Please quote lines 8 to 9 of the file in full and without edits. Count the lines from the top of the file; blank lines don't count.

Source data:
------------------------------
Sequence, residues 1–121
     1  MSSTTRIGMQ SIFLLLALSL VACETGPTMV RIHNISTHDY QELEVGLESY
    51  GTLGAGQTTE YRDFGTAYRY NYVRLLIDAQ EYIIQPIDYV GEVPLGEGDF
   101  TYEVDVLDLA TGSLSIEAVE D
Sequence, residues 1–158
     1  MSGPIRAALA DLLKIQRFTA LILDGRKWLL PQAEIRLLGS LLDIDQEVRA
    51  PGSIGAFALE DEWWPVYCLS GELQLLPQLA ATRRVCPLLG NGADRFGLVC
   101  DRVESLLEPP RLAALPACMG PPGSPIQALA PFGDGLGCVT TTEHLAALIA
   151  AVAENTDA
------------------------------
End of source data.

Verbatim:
   101  DRVESLLEPP RLAALPACMG PPGSPIQALA PFGDGLGCVT TTEHLAALIA
   151  AVAENTDA